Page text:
“The restriction on cultural activities makes it impossible for China to influence literature and cinema on a global basis or for us to raise our heads up proud,” One blogger recently wrote. It is not clear how China plans to retaliate, but we can expect the Chinese government to create more censorships of what can or cannot be discussed online and possibly create some new Chinese TV stations.
Recorded activity includes a push to increase cultural influence abroad. The state has recently installed institutes to teach about Confucius around the world to aid foreigners in learning Chinese. The state is also investing money on operations of large Chinese news organizations including Xinhua, the state news agency, and China Central Television, in cities around the world for whoever that decides they want to start watching Chinese TV. These organizations say they hope they can, eventually, be as common and widely viewed as Western news organizations.
“We must clearly see that international hostile forces are intensifying the strategic plot of westernizing and dividing China, and ideological and cultural fields are the focal areas of their long-term infiltration,” Mr. Hu said. To me, Hu’s words are throwback to old Maoist slogans.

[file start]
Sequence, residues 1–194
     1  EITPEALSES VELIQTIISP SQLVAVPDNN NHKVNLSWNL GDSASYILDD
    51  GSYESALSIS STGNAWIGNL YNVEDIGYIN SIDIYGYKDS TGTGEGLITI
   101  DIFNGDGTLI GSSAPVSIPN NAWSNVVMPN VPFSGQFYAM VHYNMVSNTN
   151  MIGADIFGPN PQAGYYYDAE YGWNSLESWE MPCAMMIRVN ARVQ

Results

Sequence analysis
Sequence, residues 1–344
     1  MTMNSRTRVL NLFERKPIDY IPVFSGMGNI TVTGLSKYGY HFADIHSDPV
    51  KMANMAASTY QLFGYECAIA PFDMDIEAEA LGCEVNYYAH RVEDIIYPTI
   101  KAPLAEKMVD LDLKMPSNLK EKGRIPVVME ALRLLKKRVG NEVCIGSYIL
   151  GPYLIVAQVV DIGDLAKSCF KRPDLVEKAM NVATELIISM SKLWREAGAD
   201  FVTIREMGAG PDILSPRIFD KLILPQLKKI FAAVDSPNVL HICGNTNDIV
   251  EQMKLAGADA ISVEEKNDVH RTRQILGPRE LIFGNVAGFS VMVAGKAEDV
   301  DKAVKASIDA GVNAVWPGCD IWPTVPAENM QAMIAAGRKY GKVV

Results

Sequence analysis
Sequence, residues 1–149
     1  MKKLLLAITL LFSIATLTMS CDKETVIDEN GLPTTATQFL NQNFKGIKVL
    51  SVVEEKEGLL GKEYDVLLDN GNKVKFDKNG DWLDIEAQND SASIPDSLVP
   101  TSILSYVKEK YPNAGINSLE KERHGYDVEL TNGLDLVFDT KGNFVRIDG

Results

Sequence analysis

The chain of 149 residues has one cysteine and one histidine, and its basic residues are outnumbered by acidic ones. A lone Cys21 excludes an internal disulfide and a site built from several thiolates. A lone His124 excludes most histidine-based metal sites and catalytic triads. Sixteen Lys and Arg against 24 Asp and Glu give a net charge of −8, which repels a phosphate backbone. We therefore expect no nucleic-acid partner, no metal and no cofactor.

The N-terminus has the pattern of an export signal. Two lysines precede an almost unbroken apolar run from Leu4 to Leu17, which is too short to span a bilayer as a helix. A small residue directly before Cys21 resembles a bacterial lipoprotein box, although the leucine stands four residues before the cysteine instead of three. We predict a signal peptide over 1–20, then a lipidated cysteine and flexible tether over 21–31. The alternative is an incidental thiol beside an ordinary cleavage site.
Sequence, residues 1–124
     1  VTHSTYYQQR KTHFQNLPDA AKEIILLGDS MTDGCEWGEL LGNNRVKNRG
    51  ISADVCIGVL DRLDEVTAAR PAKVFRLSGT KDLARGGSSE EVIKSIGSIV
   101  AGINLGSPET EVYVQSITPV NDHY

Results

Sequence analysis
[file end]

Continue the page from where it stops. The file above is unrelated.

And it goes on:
The “international hostile forces” that Chinese President Hu Jintao speaks of are allegedly supposed to be forms of western music or movies that have become popular in China. These include artists such as Lady Gaga and Justin Bieber and movies such as “Avatar”, which came out not so long ago, and “Transformers 3”. The Chinese President is apparently concerned because these artists and movies have become as popular, in china, as Chinese originated artists and movies.
President Hu Jintao has proclaimed that China must strengthen its cultural production to defend against the West’s assault on the country’s culture, according to an essay in a Communist Party magazine published this week. The publication of Mr. Hu’s words signaled that a new policy initiative announced in October would continue well into 2012.